Monday, 13 February 2012

Vant v Cripps

This is one of the more celebrated cases on plying for hire.

Vant v Cripps
(1963) 62 LGR 88

Court: DC
Judgment Date: circa 1963

Considered Cogley v Sherwood [1959] 2 QB 311, [1959] 2 All ER 313, [1959] 2 WLR 781, 123 JP 377, 103 Sol Jo 433 DC circa 1959


On November 21, 1962, a Vauxhall Victor motor car was stationary and unattended outside the dwelling house of defendants, a husband and wife. The dwelling house was situated on a main load leading out of and about three miles from the centre of Leeds, in a residential area. Fixed to the rear of the vehicle was a sign, approximately eight inches by six inches, painted in cream with printed red lettering, about two inches high, reading ‘Barry’s Taxis’ and, below that, ‘Moortown’ and a telephone number. On a corner of the house, visible to anyone passing by in the road or approaching the house from it, was an electric light fitting contained in a ‘rectangular (glass) globe’ (sic) to one side of which was affixed in dark lettering the word ‘Taxi’ and a telephone number and to the other side of which was affixed the word ‘Taxi’ only.

On November 22, the vehicle was again stationary and unattended in the driveway at the side of the house, with its rear towards the road and the sign again clearly visible from the road or to anyone approaching the house from the road. On both occasions the husband was in charge of the vehicle, which was owned by the wife, and he was at all material times in the house. Informations were preferred against the husband charging him with being unlawfully found plying for hire with the vehicle in question, contrary to Town Police Clauses Act 1847 (c 89) s 45, and with using that vehicle without there being in force in respect of its user by him a policy of insurance contrary to section 201 of the 1960 Act.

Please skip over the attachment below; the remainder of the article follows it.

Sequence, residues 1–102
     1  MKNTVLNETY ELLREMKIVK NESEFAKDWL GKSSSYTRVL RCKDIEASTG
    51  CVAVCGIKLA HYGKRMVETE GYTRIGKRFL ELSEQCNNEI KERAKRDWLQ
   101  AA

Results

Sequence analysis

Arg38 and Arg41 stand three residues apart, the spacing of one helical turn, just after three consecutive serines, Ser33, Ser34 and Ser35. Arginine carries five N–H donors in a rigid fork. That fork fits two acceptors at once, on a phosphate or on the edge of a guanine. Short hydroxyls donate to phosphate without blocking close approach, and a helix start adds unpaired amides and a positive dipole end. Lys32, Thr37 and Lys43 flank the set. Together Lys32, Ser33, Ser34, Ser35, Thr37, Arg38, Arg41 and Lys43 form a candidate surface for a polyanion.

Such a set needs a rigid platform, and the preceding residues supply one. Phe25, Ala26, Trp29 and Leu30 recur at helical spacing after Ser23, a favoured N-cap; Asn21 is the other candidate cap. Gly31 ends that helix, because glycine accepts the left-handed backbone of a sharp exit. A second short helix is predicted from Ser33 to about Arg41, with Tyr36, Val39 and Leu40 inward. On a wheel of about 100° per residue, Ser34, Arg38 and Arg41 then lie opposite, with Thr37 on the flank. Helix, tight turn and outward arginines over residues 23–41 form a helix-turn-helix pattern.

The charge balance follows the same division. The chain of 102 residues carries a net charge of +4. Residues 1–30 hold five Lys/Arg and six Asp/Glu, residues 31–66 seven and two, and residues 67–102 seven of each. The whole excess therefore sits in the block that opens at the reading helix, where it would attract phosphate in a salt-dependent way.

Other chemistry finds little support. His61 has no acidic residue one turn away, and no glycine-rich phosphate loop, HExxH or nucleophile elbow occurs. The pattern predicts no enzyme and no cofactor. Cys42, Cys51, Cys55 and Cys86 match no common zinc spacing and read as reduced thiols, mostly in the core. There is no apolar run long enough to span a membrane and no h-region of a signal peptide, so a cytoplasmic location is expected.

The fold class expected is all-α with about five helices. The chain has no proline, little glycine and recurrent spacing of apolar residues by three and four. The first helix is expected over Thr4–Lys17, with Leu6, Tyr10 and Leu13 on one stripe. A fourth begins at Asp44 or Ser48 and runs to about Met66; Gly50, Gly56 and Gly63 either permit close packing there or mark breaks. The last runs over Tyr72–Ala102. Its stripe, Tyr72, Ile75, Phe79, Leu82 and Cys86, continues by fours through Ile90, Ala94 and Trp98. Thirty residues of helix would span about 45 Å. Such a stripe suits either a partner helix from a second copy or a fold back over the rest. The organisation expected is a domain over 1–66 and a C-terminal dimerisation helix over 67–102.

The wife was charged with permitting the husband to use the vehicle without such a policy of insurance. The policy of insurance held by the wife covered the use of the vehicle ‘for the carriage of passengers or goods in connection with the policy holder’s business but not for use for hire or reward other than private hire’ or ‘for domestic or pleasure purposes’ by either of defendants. Defendants were convicted of the offences charged. On appeal: Held dismissing the appeals, (1) the vehicle was, on the facts, plying for hire, and the husband, in that he was in charge of it, was ‘plying for hire’ with it within section 45 of the 1847 Act.

Per Lord Parker of Waddington CJ: It may be that the true view of section 45 is that the latter part of it should be read as referring to ‘any person found driving, standing or plying for hire with any carriage which is being used as a hackney carriage.’

(2) The vehicle was not at the material time being used in connection with the insured’s business (which was that of private hire proprietress), nor for social, domestic or pleasure purposes, nor, since it was plying for public hire, for private hire; accordingly, it was not covered by a policy of insurance and defendants had been rightly convicted of the charges under the 1960 Act.

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